Concerned by the number of patients with a distorted sense of self and unrealistic expectations triggered by social media, the Cosmetic Physicians College of Australasia (CPCA) has launched a new campaign called ‘Get Real’, which is designed to help the public understand that not only do selfies provide a distorted sense of self but can also contribute to low self-esteem.
The campaign is in response to both the trivialisation of cosmetic procedures, and some recent alarming research regarding social-media-associated facial dysmorphia. A study published in JAMA Facial Plastic Surgery used a mathematical model to prove that selfies can distort someone’s face by up to 30%.
The research suggests that an accurately portrayed selfie can only be taken at 1.5 metres away, and in anything closer (as is the case in all selfies unless taken with a particularly long selfie stick!) facial features will be distorted. While the nose appears larger, other features such as lips appear smaller than they really are.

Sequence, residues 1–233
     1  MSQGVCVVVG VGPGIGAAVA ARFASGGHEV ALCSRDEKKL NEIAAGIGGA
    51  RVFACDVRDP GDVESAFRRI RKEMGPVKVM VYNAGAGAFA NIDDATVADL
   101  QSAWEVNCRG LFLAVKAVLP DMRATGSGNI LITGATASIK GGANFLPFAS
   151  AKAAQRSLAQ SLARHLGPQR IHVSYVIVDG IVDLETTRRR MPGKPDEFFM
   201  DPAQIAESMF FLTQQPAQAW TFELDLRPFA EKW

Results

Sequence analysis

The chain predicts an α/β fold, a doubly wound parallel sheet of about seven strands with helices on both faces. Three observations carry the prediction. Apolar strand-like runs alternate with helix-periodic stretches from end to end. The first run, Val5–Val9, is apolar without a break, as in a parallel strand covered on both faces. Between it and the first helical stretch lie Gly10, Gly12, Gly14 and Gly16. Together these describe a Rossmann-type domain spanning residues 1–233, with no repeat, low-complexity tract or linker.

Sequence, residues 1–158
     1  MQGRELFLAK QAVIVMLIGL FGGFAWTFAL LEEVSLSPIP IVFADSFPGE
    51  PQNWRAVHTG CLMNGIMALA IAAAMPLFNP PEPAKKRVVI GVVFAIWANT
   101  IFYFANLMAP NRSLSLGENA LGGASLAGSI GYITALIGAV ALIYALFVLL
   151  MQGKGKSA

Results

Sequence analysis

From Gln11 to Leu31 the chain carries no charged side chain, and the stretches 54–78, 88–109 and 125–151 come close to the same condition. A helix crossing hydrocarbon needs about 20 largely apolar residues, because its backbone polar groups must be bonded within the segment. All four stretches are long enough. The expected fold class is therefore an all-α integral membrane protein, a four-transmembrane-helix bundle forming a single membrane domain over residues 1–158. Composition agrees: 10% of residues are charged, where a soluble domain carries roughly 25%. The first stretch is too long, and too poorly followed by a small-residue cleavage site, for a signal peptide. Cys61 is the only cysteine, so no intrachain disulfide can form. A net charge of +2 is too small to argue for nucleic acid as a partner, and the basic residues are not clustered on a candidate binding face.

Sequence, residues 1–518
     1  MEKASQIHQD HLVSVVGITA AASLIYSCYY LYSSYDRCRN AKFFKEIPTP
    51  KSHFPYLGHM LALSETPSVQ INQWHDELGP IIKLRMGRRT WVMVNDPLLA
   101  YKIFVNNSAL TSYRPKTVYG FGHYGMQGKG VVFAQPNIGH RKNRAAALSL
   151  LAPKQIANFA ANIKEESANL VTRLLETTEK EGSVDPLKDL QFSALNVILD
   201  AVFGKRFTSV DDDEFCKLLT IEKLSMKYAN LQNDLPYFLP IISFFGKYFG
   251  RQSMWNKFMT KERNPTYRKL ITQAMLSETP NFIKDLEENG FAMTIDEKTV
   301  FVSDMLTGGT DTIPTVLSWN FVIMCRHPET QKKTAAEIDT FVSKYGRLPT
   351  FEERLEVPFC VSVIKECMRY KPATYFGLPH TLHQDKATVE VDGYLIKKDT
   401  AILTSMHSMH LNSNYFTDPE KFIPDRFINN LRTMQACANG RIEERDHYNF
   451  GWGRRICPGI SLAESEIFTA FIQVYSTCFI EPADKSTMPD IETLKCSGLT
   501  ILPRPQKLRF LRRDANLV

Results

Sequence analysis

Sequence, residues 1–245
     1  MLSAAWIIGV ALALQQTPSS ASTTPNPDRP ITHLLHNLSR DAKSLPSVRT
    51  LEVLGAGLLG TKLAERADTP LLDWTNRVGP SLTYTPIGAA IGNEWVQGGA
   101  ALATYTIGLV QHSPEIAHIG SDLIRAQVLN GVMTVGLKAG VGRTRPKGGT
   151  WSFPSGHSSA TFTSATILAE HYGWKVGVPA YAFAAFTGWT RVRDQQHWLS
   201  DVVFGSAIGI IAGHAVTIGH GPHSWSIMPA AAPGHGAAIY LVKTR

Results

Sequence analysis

According to research, this proven distortion of physical features in selfies can negatively impact on self-image and the perception of ’self’ – not only psychologically (ie Snapchat Dysmorphia) but also as a physical reality.
“This selfie phenomenon and the associated physical and psychological side effects makes it even more imperative for patients to seek appropriate professional advice by trained and experienced doctors. CPCA members follow a strict code of conduct and uphold ethical standards, allowing them to make psychological assessments and thus, advise accordingly, putting patient safety first,” said Dr Michael Molton, President of the CPCA.
“It is important to remember that non-surgical cosmetic enhancements are still a cosmetic medical procedure so it’s imperative that patients seek doctors who provide a high standard of care to deliver the best outcome”.
Molton says that their members are committed to helping their patients understand that their selfies simply aren’t accurate representations of their features.
“The CPCA recognises the importance of helping patients understand that proportion in reality is different to proportion in selfies. We are doctors who are experienced and trained to listen to our patients and their concerns while making appropriate recommendations in line with realistic expectations. We are here to guide our patients to make informed decisions to achieve a desirable outcome”, said Dr Molton.
The first phase of the campaign includes press release distribution to media, followed by a consumer digital advertising campaign including sponsored posts, banner ads and social media. Messaging will inspire consumers to “Get Real” with doctors they trust and who put patient safety first, kicking off July 1st.
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